Interior Design

The Zellige Tile trend is an interior designer favorite – here's how to style it in your home

The Zellige Tile trend celebrates imperfections and color variations for a rustic finish

Otto Tiles & Design orange tiles in a kitchen
(Image credit: Otto Tiles & Design)

When it comes to tiles, uniformity has been pushed to the side. Now it is all about adding an extra dimension with different tones and finishes, so it is unsurprising that Zellige Tiles are having a moment. 

Hailing from Morocco, Zellige Tiles are usually square but come in all shapes and sizes. They are usually created by hand meaning every tile has a different finish, due to the glaze the color variations can be endless. 

In one fell swoop, these unique tiles summon up visions of holiday escapes, whilst adding an extra dimension of color and texture to kitchen ideas or bathroom ideas.  Is it any wonder that they have become a newfound favorite with interior designers after the year we've had?

Exhibiting a refined timelessness, Zellige Tiles can create a statement in homes of all sizes and styles – but expert advice will ensure you do these colorful pieces justice. Here, the people in the know share their interior design tips so you can maximize their impact. 

Pink Otto Tiles & Design

(Image credit: Otto Tiles & Design)

Claybrook's Brand and Marketing Director, Lucy Kenna, explains that variegated tiles work effortlessly in every scheme, meaning Zellige Tiles inevitably continue to grow in popularity. 

'The inherent charm and timeless design of these variegated Zellige style tiles will create an organic and rich artisan aesthetic and will sit perfectly in Mid-century Modern to English cottage interiors,' Lucy says.

Blue Zellige Tile by Otto Tiles & Design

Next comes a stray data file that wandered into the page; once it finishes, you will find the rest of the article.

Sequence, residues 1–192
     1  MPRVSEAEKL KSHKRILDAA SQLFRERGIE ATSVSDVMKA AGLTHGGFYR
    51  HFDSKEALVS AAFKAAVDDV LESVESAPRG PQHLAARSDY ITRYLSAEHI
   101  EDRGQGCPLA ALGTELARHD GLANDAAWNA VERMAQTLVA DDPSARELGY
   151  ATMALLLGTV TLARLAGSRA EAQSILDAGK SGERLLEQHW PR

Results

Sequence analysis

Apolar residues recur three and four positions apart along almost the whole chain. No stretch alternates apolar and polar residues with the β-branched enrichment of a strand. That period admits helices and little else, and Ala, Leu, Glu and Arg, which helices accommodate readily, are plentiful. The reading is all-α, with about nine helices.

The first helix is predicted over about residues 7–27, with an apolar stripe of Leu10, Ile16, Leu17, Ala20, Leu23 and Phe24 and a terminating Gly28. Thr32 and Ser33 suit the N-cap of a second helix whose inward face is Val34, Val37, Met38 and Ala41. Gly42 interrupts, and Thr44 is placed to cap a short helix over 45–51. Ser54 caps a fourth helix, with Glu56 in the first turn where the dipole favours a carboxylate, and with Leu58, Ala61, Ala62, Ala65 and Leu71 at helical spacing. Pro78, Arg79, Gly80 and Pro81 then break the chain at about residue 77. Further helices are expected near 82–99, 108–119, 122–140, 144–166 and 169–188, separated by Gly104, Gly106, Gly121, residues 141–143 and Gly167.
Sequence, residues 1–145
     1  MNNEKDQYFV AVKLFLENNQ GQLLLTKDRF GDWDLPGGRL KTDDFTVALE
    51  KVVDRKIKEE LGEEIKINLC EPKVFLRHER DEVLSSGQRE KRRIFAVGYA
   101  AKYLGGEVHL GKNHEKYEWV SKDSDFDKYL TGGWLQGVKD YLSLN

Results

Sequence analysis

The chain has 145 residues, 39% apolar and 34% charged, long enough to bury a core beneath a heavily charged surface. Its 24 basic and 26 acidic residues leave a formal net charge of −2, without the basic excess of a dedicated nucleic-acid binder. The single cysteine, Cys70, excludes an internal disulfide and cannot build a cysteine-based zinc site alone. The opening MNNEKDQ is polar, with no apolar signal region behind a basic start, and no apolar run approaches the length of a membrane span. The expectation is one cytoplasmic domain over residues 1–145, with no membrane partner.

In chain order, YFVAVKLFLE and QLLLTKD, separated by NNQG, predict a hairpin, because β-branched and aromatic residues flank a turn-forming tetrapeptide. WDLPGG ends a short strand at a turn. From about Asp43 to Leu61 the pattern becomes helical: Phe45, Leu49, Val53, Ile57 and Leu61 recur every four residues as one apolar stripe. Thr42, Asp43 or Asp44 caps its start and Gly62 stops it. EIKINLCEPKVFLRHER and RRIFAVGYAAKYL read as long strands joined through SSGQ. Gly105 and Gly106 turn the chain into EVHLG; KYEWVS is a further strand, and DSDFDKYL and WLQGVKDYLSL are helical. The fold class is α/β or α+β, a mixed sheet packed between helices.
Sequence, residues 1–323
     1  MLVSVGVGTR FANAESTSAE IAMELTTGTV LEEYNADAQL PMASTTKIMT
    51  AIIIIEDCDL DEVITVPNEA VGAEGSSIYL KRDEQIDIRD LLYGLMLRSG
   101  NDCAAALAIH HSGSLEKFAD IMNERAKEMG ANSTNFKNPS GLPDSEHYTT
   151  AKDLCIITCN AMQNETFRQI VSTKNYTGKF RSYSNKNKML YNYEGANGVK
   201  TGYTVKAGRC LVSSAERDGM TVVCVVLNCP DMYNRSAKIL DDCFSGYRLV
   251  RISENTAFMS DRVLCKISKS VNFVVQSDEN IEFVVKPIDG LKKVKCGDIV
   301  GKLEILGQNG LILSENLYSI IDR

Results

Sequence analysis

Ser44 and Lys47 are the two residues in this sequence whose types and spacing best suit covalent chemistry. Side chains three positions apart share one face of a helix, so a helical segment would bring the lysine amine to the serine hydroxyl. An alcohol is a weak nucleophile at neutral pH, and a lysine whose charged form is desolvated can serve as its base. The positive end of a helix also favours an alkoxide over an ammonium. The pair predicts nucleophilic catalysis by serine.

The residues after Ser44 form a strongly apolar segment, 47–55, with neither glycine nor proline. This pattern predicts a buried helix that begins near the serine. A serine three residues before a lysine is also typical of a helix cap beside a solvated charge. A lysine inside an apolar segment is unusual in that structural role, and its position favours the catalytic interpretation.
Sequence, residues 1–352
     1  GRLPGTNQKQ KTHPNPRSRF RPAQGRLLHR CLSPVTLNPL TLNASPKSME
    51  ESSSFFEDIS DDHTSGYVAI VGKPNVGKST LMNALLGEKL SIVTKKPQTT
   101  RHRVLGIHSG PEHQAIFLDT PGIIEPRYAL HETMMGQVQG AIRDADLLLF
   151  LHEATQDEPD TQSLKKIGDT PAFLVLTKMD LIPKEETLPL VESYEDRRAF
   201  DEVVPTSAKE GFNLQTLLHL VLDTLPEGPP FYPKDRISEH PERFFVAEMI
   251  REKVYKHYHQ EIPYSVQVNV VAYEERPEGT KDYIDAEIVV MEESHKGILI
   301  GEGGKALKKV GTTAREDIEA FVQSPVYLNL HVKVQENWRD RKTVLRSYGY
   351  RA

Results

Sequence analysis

(Image credit: Otto Tiles & Design)

There is also the escapism factor. The world may be reopening once again; but with travel still a distant memory for many of us, escaping to faraway shores is never far from our minds, so what better way than to recreate it in our interiors. 

The Zellige Tiles Morrocan roots makes them an elegant way to evoke thoughts of distant shores – while offering hints of optimism for what's to come.

How to style Zellige Tiles in your home

Zellige Tiles by Mandarin Stone

(Image credit: Mandarin Stone)

1. Apply using an authentic method

'We recommend that Zellige and Bejmat tiles are installed in a traditional way, with little to no gap in between for the best visual effect,' explains Otto Tiles & Design's Founder, Damla Turgut. 

While Zellige Tiles are not bound by specific pattern rules, Damla recommends following the grid pattern, 'which strikes a perfect balance of contemporary and classic styles.' 

'These tiles are hard-wearing so can be used indoors and outdoors to create surfaces with texture and personality,' she adds. 

Blue and green tiles by Otto Tiles & Design

(Image credit: Otto Tiles & Design)

2. Pair alongside rustic accents

While laying your Zellige Tiles is refreshingly simple, Marketing & Creative Manager at Ca' Pietra, Grazzie Wilson, recommends adding extra thought to the wider space – and how your interiors can further accentuate their authenticity.